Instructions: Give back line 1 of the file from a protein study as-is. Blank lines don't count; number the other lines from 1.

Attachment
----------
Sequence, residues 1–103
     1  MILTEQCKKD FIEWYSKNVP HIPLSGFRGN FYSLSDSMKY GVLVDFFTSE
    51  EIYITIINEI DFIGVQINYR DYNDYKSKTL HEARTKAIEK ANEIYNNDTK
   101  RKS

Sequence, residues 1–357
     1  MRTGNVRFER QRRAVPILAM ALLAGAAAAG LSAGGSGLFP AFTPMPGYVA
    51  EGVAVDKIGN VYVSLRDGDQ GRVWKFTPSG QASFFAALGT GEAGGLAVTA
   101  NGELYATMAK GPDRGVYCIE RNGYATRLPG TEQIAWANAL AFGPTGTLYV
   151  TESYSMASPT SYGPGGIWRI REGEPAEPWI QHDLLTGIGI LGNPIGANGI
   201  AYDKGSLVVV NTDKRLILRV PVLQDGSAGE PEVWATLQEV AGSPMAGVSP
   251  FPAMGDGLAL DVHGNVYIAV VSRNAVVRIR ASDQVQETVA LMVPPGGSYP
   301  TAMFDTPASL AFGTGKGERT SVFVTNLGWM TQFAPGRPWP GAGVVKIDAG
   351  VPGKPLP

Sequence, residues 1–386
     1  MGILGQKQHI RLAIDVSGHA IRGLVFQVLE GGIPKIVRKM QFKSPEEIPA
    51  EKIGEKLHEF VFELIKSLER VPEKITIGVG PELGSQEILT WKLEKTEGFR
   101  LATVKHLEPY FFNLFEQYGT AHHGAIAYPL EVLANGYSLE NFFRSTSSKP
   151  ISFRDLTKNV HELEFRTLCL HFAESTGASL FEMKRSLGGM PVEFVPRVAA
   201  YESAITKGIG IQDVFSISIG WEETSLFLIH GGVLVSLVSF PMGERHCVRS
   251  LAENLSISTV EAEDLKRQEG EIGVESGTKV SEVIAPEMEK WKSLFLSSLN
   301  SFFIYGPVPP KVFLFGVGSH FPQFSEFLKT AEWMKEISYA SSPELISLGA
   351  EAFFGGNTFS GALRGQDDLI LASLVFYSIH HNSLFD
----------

Sequence, residues 1–103